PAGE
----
📝Creating the Future Book Synopsis : Conceived as a challenge to long-standing conventional wisdom, Creating the Future is a work of social history/cultural criticism that examines the premise that the progress of art in Los Angeles ceased during the 1970s—after the decline of the Ferus Gallery, the scattering of its stable of artists (Robert Irwin, Ed Kienholz, Ed Moses, Ed Rusha and others), and the economic struggles throughout the decade—and didn’t resume until sometime around 1984 when Mark Tansey, Alison Saar, Judy Fiskin, Carrie Mae Weems, David Salle, Manuel Ocampo, among others became stars in an exploding art market. However, this is far from the reality of the L.A. art scene in the 1970s. The passing of those fashionable 1960s-era icons, in fact, allowed the development of a chaotic array of outlandish and independent voices, marginalized communities, and energetic, sometimes bizarre visions that thrived during the stagnant 1970s. Fallon’s narrative describes and celebrates, through twelve thematically arranged chapters, the wide range of intriguing artists and the world—not just the objects—they created. He reveals the deeper, more culturally dynamic truth about a significant moment in American art history, presenting an alternative story of stubborn creativity in the face of widespread ignorance and misapprehension among the art cognoscenti, who dismissed the 1970s in Los Angeles as a time of dissipation and decline. Coming into being right before their eyes was an ardent local feminist art movement, which had lasting influence on the direction of art across the nation; an emerging Chicano Art movement, spreading Chicano murals across Los Angeles and to other major cities; a new and more modern vision for the role and look of public art; a slow consolidation of local street sensibilities, car fetishism, gang and punk aesthetics into the earliest version of what would later become the “Lowbrow” art movement; the subversive co-opting, in full view of Pop Art, of the values, aesthetics, and imagery of Tinseltown by a number of young and innovative local artists who would go on to greater national renown; and a number of independent voices who, lacking the support structures of an art movement or artist cohort, pursued their brilliant artistic visions in near-isolation. Despite the lack of attention, these artists would later reemerge as visionary signposts to many later trends in art. Their work would prove more interesting, more lastingly influential, and vastly more important than ever imagined or expected by those who saw it or even by those who created it in 1970’s Los Angeles. Creating the Future is a visionary work that seeks to recapture this important decade and its influence on today’s generation of artists.
📒A Miracle A Universe ✍ Lawrence Weschler
📝A Miracle a Universe Book Synopsis : In recent years as countries around the globe have begun to move from dictatorial to more democratic systems of governance, no more traumatic (or dramatic) ethical problem has arisen than what to do with the previous regime’s torturers. In most cases, the security and military apparatuses, responsible for the overwhelming majority of human-rights abuses, still retain tremendous power—and will not abide any settling of accounts. Now, New Yorker staff reporter Lawrence Weschler tells the extraordinary story of how, against tremendous odds, torture victims and human-rights activists in two Latin American countries—Brazil and Uruguay—tried to bring their torturers to justice and to rehabilitate their whole societies from harrowing periods of silence and repression. In this first of his two accounts, he tells how a tiny group of torture victims, clerics, and human-rights activists in Brazil launched an extremely risky, nonviolent plot to get even with the former torturers by publishing an indisputable account of their savage system of repression—indisputable because it is drawn from the regime’s own files. In the second, set in Uruguay, he tells how a more broadly-based movement attempted to bring to light the dark history of a military regime engaged in more political incarceration per capita than any other on earth at that time. In this illuminating and beautifully written book (portions of which appeared in five issues of The New Yorker), Weschler examines what a small number of individuals can do to retrieve history and truth from the hands of torturers.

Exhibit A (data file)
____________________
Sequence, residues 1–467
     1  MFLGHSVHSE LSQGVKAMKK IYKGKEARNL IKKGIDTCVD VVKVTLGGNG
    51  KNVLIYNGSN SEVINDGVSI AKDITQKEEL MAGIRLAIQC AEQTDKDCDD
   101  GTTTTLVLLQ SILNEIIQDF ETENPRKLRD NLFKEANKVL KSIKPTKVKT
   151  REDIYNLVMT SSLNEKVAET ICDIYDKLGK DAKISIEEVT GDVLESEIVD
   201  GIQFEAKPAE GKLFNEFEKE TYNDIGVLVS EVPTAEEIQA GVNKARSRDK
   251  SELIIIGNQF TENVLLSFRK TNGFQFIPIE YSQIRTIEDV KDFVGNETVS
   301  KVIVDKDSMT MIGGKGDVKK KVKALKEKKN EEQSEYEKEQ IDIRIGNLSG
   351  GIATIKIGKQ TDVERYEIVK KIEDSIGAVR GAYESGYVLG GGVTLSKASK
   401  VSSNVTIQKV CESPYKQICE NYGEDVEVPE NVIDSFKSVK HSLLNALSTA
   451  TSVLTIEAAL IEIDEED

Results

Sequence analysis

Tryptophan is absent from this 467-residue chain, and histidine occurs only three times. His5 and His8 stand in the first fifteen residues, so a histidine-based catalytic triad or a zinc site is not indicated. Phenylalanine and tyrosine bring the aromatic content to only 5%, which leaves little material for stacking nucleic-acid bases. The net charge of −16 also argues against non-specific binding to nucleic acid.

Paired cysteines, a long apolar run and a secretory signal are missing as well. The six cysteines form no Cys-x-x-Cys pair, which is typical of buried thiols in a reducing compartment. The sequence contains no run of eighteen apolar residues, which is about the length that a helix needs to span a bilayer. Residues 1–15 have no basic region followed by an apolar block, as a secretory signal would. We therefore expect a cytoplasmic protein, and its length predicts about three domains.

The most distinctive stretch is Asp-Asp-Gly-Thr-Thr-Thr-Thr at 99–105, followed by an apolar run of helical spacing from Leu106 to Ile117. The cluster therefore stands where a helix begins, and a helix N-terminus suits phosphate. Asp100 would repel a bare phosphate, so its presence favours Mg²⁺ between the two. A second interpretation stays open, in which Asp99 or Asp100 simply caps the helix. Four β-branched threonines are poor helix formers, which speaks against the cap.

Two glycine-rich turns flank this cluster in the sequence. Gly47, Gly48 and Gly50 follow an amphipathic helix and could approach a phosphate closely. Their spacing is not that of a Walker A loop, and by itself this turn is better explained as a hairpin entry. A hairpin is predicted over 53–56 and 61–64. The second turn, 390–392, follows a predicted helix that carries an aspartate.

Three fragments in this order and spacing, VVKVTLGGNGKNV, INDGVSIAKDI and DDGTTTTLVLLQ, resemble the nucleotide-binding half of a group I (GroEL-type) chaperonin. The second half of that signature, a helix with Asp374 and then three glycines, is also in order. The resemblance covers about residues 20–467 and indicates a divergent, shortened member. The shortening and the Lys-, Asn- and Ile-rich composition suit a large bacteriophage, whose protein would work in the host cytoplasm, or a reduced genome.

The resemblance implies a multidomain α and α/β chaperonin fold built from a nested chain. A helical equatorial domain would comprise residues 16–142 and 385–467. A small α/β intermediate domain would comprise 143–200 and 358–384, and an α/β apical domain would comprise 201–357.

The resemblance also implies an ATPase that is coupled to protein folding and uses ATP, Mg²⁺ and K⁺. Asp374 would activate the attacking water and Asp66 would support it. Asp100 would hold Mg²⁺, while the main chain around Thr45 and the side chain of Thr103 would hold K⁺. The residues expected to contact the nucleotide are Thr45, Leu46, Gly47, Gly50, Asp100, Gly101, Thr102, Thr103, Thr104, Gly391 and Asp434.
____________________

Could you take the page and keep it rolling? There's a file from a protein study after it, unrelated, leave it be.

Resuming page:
📒Uncanny Valley ✍ Lawrence Weschler
📝Uncanny Valley Book Synopsis : Presents a collection of the essays written by the author over the last fifteen years on a variety of miscellaneous topics about popular culture and the arts.
📒Screendance ✍ Douglas Rosenberg
📝Screendance Book Synopsis : Dancers, choreographers, & directors are embracing screendance: capturing dance as a moving image mediated by a camera. Rosenberg draws on psycho-analytic, literary, materialist, queer, & feminist modes of analysis to explore relationships between camera & subject, director & dancer, & the ephemeral nature of dance & the fixed nature of film.
📒Domestic Scenes The Art Of Ramiro Gomez ✍ Lawrence Weschler
📝Domestic Scenes The Art of Ramiro Gomez Book Synopsis : Award-winning author Lawrence Weschler’s book on the young Mexican American artist Ramiro Gomez explores questions of social equity and the chasms between cultures and classes in America. Gomez, born in 1986 in San Bernardino, California, to undocumented Mexican immigrant parents, bridges the divide between the affluent wealthy and their usually invisible domestic help—the nannies, gardeners, housecleaners, and others who make their lifestyles possible—by inserting images of these workers into sly pastiches of iconic David Hockney paintings, subtly doctoring glossy magazine ads, and subversively slotting life-size painted cardboard cutouts into real-life situations. Domestic Scenes engages with Gomez and his work, offering an inspiring vision of the purposes and possibilities of art.
📒Greater Perfections ✍ John Dixon Hunt
📝Greater Perfections Book Synopsis : "If gardening is most usually thought of as a practical activity, John Dixon Hunt's book explores the theoretical or conceptual basis of garden art." "Greater Perfections explores the meanings of "garden" and its relationship to other interventions into the natural world. It looks at the role of verbal and visual languages in place-making, as well as the fashion in which gardens have been represented in the visual and literary arts. But above all, it offers a new and challenging account of the role of representation in garden art itself."--BOOK JACKET.Title Summary field provided by Blackwell North America, Inc. All Rights Reserved